“England has had laws for 50 years so they look at us like we are not wise and don’t understand why this is allowed to continue,” says O’Dowd, who has been supporting those with crisis pregnancies since she was a women’s officer at university 25 years ago.
Following last year’s Yes vote in the referendum on removing the Republic’s abortion ban, women’s rights activists are confident this will be the year when the North’s regime is reformed.
As long as a single precious unborn baby is in danger, then our work is not yet finished
An initial boost was Minister for Health Simon Harris saying in November that he wanted to find a way around the obstacles to giving women from Northern Ireland access to abortion services in the Republic free of charge.
However, Health Service Executive guidelines suggest those coming south will have to pay for the procedure but they do not go into specifics on cost. The State is paying GPs a fee of €450 to administer the abortion pill, so it is likely the cost for any paying customers will be close to that figure.
Topley says she wants to live in a “less judgmental and more compassionate society” where individuals have the freedom to choose to make decisions about what is best for them and their families.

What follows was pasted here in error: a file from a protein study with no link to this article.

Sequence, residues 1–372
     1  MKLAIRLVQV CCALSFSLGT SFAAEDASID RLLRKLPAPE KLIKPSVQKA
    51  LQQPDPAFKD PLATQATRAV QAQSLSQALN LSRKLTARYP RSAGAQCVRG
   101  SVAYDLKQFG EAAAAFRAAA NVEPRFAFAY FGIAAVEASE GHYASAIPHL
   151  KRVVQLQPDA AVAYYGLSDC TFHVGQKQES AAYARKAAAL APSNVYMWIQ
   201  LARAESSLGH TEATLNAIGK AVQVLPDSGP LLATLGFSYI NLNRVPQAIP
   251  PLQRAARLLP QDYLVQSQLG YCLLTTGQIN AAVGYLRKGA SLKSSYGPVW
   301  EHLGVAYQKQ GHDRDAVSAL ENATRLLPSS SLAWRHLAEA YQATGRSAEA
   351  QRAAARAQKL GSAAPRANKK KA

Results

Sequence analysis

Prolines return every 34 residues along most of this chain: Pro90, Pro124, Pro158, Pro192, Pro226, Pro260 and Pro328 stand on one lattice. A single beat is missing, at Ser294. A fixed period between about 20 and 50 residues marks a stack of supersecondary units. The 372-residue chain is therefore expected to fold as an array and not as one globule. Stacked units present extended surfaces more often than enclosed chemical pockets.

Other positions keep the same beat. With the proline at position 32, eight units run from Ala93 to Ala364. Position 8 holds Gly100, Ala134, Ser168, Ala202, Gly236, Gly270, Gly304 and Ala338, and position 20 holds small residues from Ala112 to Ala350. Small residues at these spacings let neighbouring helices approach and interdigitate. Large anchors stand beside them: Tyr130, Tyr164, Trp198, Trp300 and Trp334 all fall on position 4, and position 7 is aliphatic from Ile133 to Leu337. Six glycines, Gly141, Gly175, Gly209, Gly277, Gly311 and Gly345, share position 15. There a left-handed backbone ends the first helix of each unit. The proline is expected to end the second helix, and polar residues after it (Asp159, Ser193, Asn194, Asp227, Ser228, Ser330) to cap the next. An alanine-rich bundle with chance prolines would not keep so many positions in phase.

“It is now time for NI to catch up with our neighbours in the rest of the UK and Ireland, we will not be left behind any longer.”
Repeated polls indicate a majority in the North favour abortion law reform, and, according to Franki Appleton, an advocacy adviser for Marie Stopes UK, which provides abortion services, last year was a “turning point”.
“For too long women in Northern Ireland have been treated as second-class citizens, with women and girls denied healthcare in breach of their human rights . . . Women deserve better than the law as it stands.”
In all, about 1,000 women travel from the North to Britain each year for abortions. Of these, Appleton says, about 390 travel to Marie Stopes clinics in England for treatment.
Dawn Purvis, a former Progressive Unionist Party MLA and ex-director of Marie Stopes Belfast, says much progress has been made in terms of reproductive rights but “Northern Ireland remains a Bally-go-backwards in the British Isles”.
“It may not be a priority for the government but it is for women in crisis pregnancy and campaigners. We are on the road and there is now going back now. The law has to be changed.”
It has been an eventful 12 months since the Belfast Marie Stopes clinic wound down after five years operating. The clinic, regularly picketed by anti-abortion groups, dealt with thousands of women during that time – the oldest was 52 and the youngest was a 13-year-old.